But there were a few upsets:
- Atlas bested Indigo by a healthy margin. Maybe I should have put Indigo on the unisex list instead?
- Camden lost to Atticus. That probably signals that we were all curious about Camden when two celebs used the name within weeks of each other – but that AppMtn readers are more attracted to the literary Atticus.
- Archer and Declan were very closed – they swapped places at one point – but Archer ultimately pulled ahead. In real life, Declan is much more popular, but Archer is also on the way up.
- The Otto versus Benton debate seemed to be the toughest one for voters, but Otto’s triumph isn’t a surprise. Ottilie is competing in the girls’ version of March Madness, too. It seems to be the moment for Ot- and Od- names.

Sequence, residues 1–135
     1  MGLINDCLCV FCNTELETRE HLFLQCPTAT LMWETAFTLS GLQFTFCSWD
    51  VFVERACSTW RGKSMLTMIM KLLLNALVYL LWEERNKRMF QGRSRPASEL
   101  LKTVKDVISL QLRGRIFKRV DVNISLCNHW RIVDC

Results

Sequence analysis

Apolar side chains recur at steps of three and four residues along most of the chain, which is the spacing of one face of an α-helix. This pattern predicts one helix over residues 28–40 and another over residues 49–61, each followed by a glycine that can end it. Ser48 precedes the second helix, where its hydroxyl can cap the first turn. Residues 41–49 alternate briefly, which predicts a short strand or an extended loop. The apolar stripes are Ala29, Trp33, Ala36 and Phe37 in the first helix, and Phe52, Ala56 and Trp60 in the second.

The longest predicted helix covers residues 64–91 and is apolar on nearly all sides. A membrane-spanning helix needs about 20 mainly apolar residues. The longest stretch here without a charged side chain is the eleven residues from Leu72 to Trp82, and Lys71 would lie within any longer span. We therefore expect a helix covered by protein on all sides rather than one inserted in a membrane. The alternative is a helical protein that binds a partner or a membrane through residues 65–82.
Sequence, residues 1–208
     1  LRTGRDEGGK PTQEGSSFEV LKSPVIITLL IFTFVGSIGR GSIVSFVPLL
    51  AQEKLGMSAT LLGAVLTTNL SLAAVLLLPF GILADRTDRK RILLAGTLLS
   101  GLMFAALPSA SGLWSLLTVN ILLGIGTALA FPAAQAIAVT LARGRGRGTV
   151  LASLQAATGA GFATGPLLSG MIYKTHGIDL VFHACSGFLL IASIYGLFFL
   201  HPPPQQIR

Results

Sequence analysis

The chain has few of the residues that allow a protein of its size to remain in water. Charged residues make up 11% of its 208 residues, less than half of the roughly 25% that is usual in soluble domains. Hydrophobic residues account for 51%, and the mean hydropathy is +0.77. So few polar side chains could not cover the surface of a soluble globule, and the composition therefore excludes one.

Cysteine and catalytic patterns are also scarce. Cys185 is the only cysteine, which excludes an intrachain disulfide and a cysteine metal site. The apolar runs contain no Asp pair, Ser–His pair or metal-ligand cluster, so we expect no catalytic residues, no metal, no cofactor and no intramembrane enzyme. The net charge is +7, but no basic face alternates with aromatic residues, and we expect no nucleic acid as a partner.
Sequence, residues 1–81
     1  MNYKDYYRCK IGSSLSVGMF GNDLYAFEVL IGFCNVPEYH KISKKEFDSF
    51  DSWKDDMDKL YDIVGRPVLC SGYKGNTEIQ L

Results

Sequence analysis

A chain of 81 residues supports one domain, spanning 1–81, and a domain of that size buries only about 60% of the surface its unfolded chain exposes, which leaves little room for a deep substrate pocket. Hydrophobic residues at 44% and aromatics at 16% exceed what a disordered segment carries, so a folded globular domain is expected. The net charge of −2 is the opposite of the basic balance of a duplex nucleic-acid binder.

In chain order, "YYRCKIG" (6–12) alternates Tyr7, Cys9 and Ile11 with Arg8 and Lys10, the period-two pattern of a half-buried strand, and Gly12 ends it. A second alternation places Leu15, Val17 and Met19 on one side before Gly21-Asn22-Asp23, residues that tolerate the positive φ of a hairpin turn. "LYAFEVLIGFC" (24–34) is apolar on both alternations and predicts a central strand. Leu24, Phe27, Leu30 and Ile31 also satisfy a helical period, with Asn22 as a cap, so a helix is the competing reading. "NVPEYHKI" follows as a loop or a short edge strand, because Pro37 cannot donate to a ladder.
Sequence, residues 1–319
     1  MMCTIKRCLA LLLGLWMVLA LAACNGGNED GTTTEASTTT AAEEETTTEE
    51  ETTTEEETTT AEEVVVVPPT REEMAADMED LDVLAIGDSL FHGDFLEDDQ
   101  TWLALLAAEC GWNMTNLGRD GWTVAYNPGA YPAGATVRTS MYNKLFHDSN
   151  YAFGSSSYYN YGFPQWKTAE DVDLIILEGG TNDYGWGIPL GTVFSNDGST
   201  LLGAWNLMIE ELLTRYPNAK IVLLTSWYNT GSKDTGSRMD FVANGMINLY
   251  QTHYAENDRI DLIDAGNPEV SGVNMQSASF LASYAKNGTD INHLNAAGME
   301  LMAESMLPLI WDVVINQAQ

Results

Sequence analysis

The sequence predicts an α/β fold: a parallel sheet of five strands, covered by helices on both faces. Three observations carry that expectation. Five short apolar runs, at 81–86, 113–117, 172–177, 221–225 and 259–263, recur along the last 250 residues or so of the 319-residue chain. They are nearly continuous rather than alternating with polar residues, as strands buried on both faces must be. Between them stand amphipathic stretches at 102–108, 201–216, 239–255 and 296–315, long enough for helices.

- #9 Soren obliterated #10 Cohen – and the voting re-ignited the conversation about the controversial surname once again.
This year’s competition seems a little bit different. Controversial or headline-making names tend to get knocked out in the first round, leaving the more mainstream choices to advance. The past two years’ winners were Nathaniel and Arthur – both pretty conservative picks. None of the names left in the competition are quite as conventional – and we’re only at the quarter finals.
It almost always gets tougher to vote as the rounds progress, but I hope you’ll play in the Round of Eight!
A match of two moderns: The dashing Gray takes on the Scandinavian Soren
Literary surname Huxley is matched against jaunty Irish heritage choice Finn
One carries the whole world on his back, the other has the fate of an innocent man in his hands. Pick your hero: Atlas against Atticus
It’s all about the endings: the ends-with-r Archer versus the ends-with-o Otto
How did your favorite boy names fare?